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The Daily Wildcat

The Daily Wildcat

 

    WIRE: Obama to visit Gulf as pressure mounts for BP to step up response

    PENSACOLA, Fla. — As the White House pressured oil giant BP to step up its response to the Deepwater Horizon spill, including faster payment of damage claims and more aggressive plans to contain the crude gushing undersea, the federal government’s point man on the crisis said he still doesn’t know how much oil is spewing from the broken well.

    Meanwhile, Obama administration officials speaking on Sunday morning political shows delivered some tough talk to BP in advance of the president’s scheduled address to the nation on Tuesday following a two-day tour of the Gulf Coast region.

    President Barack Obama also is scheduled to meet with BP executives at the White House Wednesday, when the administration is expected to press the oil giant to set aside billions of dollars to pay individuals and businesses damaged by the massive spill — and that those monies be paid out in a transparent manner by an independent third party.

    “”We’ve been very concerned about the claims process,”” U.S. Coast Guard Adm. Thad W. Allen, the government’s point man on the response, said CBS’s Face The Nation. “”It’s not clear to us that there’s transparency.””

    Another murky issue is the amount of oil gushing daily from the deep-sea well, which is about one mile below the surface of the Gulf.

    Scientists still are uncertain about the amount of oil 55 days after the Deepwater Horizon drilling rig exploded off the coast of Louisiana on April 20, killing 11 people and triggering the worst spill in the nation’s history.

    Allen said the government would deploy two robots to the bottom of the Gulf on Sunday to seek more data on the spill.

    The government also will try to reach an accurate measure of the oilspill by “”taking overhead satellite imagery of oil on water to using very high resolution video to assessing velocity of flow,”” he said.

    Earlier estimates of the spill, which ranged from 5,000 to 19,000 barrels daily, “”were never BP’s figures,”” Allen said. “”They were our figures,”” provided by a technical group led by the U.S. Geological Survey.

    The team’s latest estimates of the spill have ranged from 20,000 to 40,000 barrels daily.

    BP reported Sunday a containment dome lowered over the broken well’s blowout preventer had collected about 7,400 barrels of oil in the 12 hours before midnight. Total oil collected since the cap was deployed on June 4 is about 120,000 barrels.

    Allen said the true measure of oil spilled will not be known until August, when BP expects to cap the well. He expects clean-up of oil on the surface and possibly the Gulf

    Coast shores to continue well into the fall.

    Over the weekend, oil was reported coming ashore at Horn Island off the Mississippi coast and along the Alabama shoreline, near Orange Beach, among other locations.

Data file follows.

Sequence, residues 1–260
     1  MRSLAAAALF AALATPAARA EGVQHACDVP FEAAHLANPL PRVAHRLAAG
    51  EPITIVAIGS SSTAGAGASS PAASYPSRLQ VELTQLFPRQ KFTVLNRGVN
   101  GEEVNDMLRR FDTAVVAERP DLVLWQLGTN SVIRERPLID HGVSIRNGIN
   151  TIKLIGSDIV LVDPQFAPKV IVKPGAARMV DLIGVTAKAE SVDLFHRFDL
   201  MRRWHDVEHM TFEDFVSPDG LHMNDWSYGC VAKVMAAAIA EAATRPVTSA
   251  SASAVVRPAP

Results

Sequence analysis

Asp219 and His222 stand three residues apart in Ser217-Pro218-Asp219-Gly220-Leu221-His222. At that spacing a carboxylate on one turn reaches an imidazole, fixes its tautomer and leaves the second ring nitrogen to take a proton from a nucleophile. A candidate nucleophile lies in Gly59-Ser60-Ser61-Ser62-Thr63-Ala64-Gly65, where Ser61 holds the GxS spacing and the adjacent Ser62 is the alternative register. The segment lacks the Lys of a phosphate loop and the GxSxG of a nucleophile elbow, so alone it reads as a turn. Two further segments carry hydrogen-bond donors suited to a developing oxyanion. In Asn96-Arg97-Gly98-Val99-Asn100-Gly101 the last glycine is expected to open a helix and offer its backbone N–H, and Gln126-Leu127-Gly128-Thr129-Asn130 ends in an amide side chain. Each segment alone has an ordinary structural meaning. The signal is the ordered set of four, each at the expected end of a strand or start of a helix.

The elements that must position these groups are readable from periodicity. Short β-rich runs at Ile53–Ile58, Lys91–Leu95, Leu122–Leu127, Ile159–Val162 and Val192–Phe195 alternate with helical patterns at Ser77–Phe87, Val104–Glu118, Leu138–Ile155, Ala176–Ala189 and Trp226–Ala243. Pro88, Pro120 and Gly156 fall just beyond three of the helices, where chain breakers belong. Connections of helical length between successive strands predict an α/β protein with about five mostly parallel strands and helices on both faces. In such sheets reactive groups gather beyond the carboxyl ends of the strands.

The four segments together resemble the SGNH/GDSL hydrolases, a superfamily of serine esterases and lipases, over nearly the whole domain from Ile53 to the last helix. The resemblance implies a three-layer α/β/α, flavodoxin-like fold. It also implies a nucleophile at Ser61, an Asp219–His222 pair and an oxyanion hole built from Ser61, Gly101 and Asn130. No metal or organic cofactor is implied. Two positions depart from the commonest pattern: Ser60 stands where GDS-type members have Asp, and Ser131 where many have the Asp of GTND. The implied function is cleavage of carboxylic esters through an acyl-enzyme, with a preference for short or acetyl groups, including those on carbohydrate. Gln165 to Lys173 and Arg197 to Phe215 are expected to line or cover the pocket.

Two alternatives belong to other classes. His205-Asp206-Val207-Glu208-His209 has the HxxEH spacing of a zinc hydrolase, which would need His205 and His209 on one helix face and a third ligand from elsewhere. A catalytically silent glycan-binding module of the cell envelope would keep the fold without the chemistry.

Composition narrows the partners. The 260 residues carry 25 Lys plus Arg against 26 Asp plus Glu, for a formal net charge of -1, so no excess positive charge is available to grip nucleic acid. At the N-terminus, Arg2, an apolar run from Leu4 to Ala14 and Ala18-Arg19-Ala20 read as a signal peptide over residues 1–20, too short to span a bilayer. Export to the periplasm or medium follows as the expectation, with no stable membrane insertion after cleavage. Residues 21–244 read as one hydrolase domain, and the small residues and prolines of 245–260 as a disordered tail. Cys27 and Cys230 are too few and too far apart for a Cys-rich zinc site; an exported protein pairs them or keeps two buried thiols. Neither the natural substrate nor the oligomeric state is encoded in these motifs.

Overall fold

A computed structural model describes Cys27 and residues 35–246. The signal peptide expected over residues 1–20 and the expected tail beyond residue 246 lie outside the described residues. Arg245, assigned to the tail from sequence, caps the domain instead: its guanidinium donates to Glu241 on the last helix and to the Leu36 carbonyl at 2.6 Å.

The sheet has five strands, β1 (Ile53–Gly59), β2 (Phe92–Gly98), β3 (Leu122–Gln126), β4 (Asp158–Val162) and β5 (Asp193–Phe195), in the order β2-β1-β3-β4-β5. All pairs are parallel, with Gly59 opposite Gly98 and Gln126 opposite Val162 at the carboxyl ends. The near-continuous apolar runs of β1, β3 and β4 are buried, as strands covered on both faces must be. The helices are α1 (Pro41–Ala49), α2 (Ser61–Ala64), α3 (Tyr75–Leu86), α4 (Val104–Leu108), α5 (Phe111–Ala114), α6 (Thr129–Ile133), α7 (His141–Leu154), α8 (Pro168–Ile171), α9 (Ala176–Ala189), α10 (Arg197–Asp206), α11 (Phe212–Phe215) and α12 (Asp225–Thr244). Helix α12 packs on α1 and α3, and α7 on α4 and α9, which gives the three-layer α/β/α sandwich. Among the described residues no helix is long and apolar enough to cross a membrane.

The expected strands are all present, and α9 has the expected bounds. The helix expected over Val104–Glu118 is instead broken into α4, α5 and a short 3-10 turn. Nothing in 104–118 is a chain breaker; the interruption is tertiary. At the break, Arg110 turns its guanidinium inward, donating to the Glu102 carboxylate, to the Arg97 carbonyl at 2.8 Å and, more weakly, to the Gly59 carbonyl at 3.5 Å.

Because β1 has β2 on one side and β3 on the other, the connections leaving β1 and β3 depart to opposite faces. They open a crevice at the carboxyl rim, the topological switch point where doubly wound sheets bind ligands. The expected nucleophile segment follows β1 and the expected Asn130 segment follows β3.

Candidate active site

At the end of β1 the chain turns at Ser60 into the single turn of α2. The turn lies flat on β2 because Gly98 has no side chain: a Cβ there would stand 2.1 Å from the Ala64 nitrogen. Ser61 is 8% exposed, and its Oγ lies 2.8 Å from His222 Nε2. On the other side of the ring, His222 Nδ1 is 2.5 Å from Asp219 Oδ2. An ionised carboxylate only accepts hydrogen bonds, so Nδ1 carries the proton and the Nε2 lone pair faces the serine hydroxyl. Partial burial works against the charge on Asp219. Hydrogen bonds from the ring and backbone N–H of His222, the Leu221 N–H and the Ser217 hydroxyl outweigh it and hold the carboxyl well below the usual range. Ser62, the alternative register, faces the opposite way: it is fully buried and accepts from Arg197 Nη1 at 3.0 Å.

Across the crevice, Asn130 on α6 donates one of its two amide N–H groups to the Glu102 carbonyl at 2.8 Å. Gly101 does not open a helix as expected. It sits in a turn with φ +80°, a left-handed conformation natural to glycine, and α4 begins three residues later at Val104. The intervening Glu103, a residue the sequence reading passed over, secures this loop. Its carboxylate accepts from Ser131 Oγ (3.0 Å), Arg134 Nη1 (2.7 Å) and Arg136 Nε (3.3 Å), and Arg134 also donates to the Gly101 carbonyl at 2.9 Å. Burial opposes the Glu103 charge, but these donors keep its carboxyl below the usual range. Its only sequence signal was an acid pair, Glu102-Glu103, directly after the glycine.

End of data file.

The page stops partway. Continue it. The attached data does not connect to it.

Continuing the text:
Using the government’s newest, albeit still to be revised, estimates, nearly 90 million gallons have spilled into the Gulf since the BP rig exploded and sank.

    The government has repeatedly said BP is liable for the cleanup costs, and Allen said there was little concern at the moment about BP’s being driven to bankruptcy by demands from the federal government, Gulf Coast states and individuals.

    “”They’re a company that has a lot of wealth inside it,”” Allen said. “”I don’t think that’s a consideration.””

    BP is expected to respond by Sunday night to a June 11 letter from U.S. Coast Guard Rear Adm. James Watson demanding a more aggressive effort to contain the oil spill. BP’s board of directors also is scheduled to meet Monday and is expected to discuss deferring second-quarter dividend payments to share holders and setting aside money to pay for oil spill claims.

    Among the claims so far are two by Florida Attorney General Bill McCollum and Louisiana Treasurer John Kennedy, who have asked BP to set aside $7.5 billion in escrow accounts to pay claims from the states and their residents for present and future damages.

    In advance of Obama’s visit to the region on Monday, Florida Gov. Charlie Crist said he welcomed the attention because it leads to quicker action and more assets to fight the spill.

    “”That kind of focus only helps all of us,”” he said, speaking from a Florida beach.

    Crist emphasized that no state beaches have closed due to the spill, and said he has requested more skimming boats from the Coast Guard.

    He estimated oil from the spill was three to four miles off the coast of Pensacola Beach.

    Still, on Sunday, the Florida Fish and Wildlife Commission closed about 23 miles of coastline in the panhandle’s Escambia County to fishing, crabbing and shrimping _ because oil was present several miles off shore.

    Also, a plume of weathered oil about two miles wide and 40 miles long was detected nine miles south of Pensacola Pass, according to the state’s Department of Environmental Protection.

    A second plume of non-weathered oil, verified through state reconnaissance data, was identified three miles south of Pensacola Pass, the entryway to the Inter-Coastal Waterway.

    A sheen of oil, described as a long ribbon, came in to Pensacola Pass early Sunday morning and skimmers were quickly deployed, said Brandi Thompson, an Escambia County spokeswoman.

    Also, two barges collecting oil Saturday night in Perdido Pass collided, resulting in a small fire but no injuries.

     

     

     

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